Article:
Check Out the Design Behind New Apple Campus 2 Eco-Friendly Headquarters in This Video

Apple's opening new headquarters (the aptly named Apple Campus 2), and so far the only look we've had of the massive, eco-friendly building comes from some leaked mock-ups.

Now, it seems we have a leaked promotion video from Apple that features an interview with the designer, who explains the thought process behind the circular building that has a mini-forest in its center. He also says Steve Jobs personality called him up years ago to ask for help with creating the campus. Apple Campus 2 will be located in Cupertino, but one of the goals—as an architect in the video says—was to bring "California back" to Apple. Check it out.

New Video Goes Inside the Painstaking Design of Apple's HQ

New details about architect Norman Foster's design for Apple's Cupertino HQ have been slow to leak, but this video gives us the most detailed look so far. This building is going to have everything: Native trees! Solar panels! Crazy circular desk spaces!

The video contains plenty of awesome footage of the models being made by the design team—as well as new information on the environmental aspects of the new campus. 80 percent of the site will be green space, and many of the current plants on site will be augmented by species native to the area—they are "bringing California back" to the site, says one designer.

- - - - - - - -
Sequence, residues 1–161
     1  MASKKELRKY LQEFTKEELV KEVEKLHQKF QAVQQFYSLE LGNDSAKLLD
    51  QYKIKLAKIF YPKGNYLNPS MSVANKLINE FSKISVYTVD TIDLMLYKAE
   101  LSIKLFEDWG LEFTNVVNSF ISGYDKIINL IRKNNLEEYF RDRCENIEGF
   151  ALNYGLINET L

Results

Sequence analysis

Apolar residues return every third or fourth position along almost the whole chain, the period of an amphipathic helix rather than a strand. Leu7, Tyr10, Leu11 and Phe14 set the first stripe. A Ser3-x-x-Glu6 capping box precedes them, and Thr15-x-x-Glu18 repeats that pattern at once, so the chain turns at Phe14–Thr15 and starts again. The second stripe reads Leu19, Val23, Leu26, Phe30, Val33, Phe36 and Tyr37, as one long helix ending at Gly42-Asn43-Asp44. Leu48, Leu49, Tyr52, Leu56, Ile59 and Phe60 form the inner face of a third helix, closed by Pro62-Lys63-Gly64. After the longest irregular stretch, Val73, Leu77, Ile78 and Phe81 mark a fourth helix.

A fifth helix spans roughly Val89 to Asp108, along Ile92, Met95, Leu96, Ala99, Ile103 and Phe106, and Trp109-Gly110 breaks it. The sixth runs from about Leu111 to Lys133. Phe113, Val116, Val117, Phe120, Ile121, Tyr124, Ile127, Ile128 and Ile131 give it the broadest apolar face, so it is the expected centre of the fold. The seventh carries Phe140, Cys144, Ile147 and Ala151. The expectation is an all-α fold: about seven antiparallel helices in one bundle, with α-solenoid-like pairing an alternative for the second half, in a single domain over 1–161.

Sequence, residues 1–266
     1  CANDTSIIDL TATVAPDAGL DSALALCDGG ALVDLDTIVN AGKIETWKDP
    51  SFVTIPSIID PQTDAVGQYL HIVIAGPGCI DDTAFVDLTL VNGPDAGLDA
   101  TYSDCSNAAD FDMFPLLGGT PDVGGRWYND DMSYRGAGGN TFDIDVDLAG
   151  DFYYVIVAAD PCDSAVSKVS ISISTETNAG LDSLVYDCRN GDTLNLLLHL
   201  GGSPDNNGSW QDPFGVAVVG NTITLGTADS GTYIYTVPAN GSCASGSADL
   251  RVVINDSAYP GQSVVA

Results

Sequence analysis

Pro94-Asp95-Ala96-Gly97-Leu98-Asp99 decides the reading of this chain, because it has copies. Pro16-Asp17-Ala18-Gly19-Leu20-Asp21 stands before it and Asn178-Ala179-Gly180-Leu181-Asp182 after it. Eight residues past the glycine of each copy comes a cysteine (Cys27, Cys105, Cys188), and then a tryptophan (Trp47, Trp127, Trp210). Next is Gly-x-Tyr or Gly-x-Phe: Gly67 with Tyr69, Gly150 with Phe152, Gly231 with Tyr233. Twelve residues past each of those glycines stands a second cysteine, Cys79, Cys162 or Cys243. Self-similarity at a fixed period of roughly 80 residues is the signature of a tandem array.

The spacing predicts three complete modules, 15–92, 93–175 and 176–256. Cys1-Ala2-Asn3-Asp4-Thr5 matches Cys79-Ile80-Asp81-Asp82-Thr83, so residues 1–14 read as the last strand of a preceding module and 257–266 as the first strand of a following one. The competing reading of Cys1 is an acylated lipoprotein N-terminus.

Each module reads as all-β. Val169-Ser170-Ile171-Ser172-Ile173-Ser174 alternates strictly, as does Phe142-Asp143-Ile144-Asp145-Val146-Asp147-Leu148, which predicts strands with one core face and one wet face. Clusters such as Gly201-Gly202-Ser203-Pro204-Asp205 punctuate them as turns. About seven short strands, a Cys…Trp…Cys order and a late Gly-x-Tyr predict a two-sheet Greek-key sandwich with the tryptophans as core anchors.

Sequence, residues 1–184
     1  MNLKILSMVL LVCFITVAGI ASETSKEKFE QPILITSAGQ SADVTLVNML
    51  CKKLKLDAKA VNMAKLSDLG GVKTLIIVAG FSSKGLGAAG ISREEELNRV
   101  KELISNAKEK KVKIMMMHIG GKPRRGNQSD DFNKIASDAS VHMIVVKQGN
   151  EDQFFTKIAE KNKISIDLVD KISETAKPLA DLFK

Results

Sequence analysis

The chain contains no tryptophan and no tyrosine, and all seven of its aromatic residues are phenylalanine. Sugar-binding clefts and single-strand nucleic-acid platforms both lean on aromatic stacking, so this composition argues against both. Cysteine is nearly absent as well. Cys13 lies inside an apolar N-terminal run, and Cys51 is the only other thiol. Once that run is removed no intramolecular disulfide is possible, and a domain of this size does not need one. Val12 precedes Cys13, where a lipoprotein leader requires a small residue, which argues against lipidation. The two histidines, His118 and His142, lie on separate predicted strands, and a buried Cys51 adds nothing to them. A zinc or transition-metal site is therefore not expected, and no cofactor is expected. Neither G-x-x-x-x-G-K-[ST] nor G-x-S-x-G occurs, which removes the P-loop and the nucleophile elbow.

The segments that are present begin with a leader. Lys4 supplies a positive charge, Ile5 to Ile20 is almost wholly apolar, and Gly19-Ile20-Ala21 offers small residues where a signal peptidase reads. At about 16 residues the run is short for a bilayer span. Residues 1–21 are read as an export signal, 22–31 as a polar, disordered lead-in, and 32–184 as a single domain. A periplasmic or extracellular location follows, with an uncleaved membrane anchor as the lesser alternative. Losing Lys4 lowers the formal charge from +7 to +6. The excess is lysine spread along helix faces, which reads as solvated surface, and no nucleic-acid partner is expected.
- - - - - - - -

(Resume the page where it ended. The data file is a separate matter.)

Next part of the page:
We also hear from a sustainability expert, who explains that the goal is to design a building with no net increase in greenhouse gas emissions.


Which brings us to a few more exciting details—like how the building's unique facade will be constructed. "Everything is hand crafted," says one architect, from the softly curving glazing to the concrete being used to pour a foundation.

We also get a brief glimpse at designers who are modeling the working spaces within the building. That's been a major point of curiosity, since huge open plan offices aren't necessarily all that conducive to productivity. In the video, we see how the team at Foster & Partners are breaking down the curving spaces into more manageable work ecologies:

We'll be hearing much more over the next year or so, but for now, it's fascinating to see how design development is coming along on what it destined to become one of the most poured-over buildings of the decade. That is, if it isn't already. [Cult of Mac; Unofficially Apple]